Thoughts For Food

Insights into the Mind of a Culinary School Student

Food Bites: Bring the Heat

The Ghost Chili. The hottest in the world.

(Inspired by a conversation with my roommates)

Jalapenos. Habaneros. “Ghost Chilies.” Pick your poison or, if you’re into that kind of thing, pick your favorite. Take a look around any megamart these days and you’ll find a plethora of hot sauces, spicy sauces, spices, etc. Heat is on the menu and it’s getting more popular these days, from diners to big restaurants. But why? Why the sudden influx of so many spicy items? I think there’s two reasons and they’re both connected.

Reason Number 1: Globalization.

Many believe that globalization is the main driving factor behind the sudden spike of spice. As the popularity of many Latin-style dishes increases, the demand for more and subsequently stronger spices grows. And there are a TON of strong spices/chilies out there. Here at the CIA, we’ve learned of the “Ghost Chili.” Sure it sounds fake, but it’s not. I’ve handled a specimen myself (gloves on of course). The Ghost Chili tops the Scoville Scale at a whopping 1,001,304 Scoville Units, earning it the title of Hottest Chili in the World. And before you ask, yes, there are hot sauces out there that feature this little devil. Chilies like the Ghost and it’s better known cousins, Jalapenos and Habaneros, all seem to find their way into just about any recipe these days. And there are people, myself included, who couldn’t be happier. My one guilty pleasure is a Jalapeno Cheeseburger made by a local diner in my home town. There’s just something about the extra kick that the peppers give that keeps me coming back for more. Which, leads me to my second point…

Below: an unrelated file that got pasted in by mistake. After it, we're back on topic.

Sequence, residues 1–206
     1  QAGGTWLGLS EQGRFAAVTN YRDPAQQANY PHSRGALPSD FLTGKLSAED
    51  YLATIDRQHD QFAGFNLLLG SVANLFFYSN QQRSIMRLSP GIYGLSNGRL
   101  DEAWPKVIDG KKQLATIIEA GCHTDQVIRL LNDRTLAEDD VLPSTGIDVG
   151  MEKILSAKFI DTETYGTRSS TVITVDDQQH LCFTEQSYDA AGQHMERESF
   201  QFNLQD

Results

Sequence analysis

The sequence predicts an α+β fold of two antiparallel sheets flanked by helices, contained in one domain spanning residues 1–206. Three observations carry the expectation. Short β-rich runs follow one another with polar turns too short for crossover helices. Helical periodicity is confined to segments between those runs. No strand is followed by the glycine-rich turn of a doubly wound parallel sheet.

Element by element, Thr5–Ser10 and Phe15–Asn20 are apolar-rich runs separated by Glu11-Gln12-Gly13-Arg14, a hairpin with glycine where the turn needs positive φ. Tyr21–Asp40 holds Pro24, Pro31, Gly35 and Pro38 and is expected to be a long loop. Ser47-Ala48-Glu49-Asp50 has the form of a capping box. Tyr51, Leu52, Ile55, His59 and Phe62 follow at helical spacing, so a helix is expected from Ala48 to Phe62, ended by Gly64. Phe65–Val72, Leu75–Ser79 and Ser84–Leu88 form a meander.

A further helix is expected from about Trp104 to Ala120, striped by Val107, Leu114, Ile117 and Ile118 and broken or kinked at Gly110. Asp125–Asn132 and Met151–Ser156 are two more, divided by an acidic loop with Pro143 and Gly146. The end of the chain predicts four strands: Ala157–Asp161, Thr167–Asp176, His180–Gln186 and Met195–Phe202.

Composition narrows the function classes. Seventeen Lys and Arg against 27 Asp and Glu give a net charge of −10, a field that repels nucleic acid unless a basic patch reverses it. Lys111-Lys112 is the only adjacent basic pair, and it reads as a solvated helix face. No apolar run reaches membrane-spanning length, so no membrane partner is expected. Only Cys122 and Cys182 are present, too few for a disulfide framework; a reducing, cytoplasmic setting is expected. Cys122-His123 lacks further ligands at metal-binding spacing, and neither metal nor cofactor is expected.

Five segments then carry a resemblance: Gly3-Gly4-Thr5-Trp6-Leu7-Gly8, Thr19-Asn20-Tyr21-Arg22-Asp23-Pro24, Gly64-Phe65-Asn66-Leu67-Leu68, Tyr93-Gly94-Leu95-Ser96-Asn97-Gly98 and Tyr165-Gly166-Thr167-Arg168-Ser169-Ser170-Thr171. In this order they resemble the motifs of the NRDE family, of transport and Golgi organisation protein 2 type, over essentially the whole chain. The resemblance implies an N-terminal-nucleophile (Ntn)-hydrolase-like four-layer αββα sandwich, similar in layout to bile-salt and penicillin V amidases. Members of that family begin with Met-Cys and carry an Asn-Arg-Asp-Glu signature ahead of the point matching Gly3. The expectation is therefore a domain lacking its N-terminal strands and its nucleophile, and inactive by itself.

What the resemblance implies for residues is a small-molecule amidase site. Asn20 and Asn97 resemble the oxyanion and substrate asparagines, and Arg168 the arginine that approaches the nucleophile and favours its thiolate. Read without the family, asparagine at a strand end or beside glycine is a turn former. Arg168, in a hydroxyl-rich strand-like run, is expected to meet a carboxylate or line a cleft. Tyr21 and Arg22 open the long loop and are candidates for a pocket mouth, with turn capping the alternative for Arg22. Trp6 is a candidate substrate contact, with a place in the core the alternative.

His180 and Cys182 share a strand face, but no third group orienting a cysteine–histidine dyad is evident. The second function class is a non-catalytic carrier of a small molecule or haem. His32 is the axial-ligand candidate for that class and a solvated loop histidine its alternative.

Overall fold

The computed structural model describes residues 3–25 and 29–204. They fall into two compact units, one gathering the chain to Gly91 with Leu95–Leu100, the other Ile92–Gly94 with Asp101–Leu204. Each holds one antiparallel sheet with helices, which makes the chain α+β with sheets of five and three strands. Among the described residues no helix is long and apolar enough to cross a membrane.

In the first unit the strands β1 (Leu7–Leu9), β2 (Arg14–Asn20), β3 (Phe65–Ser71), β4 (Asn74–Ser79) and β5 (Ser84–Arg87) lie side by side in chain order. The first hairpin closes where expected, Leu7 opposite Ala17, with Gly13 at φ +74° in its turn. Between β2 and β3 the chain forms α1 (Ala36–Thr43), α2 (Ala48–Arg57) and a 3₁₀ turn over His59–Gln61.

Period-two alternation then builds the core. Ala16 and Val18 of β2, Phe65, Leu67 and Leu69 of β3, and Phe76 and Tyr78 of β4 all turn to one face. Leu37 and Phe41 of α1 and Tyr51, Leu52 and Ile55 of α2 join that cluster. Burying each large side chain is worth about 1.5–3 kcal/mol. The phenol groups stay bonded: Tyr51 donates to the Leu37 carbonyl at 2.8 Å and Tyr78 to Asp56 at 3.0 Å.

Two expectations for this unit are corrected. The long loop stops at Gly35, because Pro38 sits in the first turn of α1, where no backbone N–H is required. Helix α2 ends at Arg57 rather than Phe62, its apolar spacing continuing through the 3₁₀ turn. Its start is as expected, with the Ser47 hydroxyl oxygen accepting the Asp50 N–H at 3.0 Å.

Reason Number 2: Over-Exposure.

The more hot stuff people eat, the more their palate gets used to the heat. So, culinary thrill-seekers need a bigger kick to get that rush back. The result? Hotter hot-sauces, hotter salsas, etc. Palates change and often will adapt to something they saw as foreign as completely normal. Many consider this a “dulling” of one’s palate, but it’s just the human body doing what it does best: adapt.

Finally, a word about Capsaicin. Capsaicin is the active ingredient in chili peppers and is what provides the heat that many love so much. Here’s a safety tip for those of you who either want to try the hot stuff or have literally bitten off more than you can handle. AVOID WATER. As much as you may want to reach for an ice-cold glass of water, don’t do it. Water only accelerates the effect of Capsaicin and you’ll only make it worse. Reach for dairy instead. Milk, ice cream, etc. The fat content will conquer the Capsaicin fire.


Author: NJ_Chef

A graduate of the Culinary Institute of America and aspiring food-writer. 28-year old chef, blogger, eSports fan, gamer, jack-of-all-trades and master of none.

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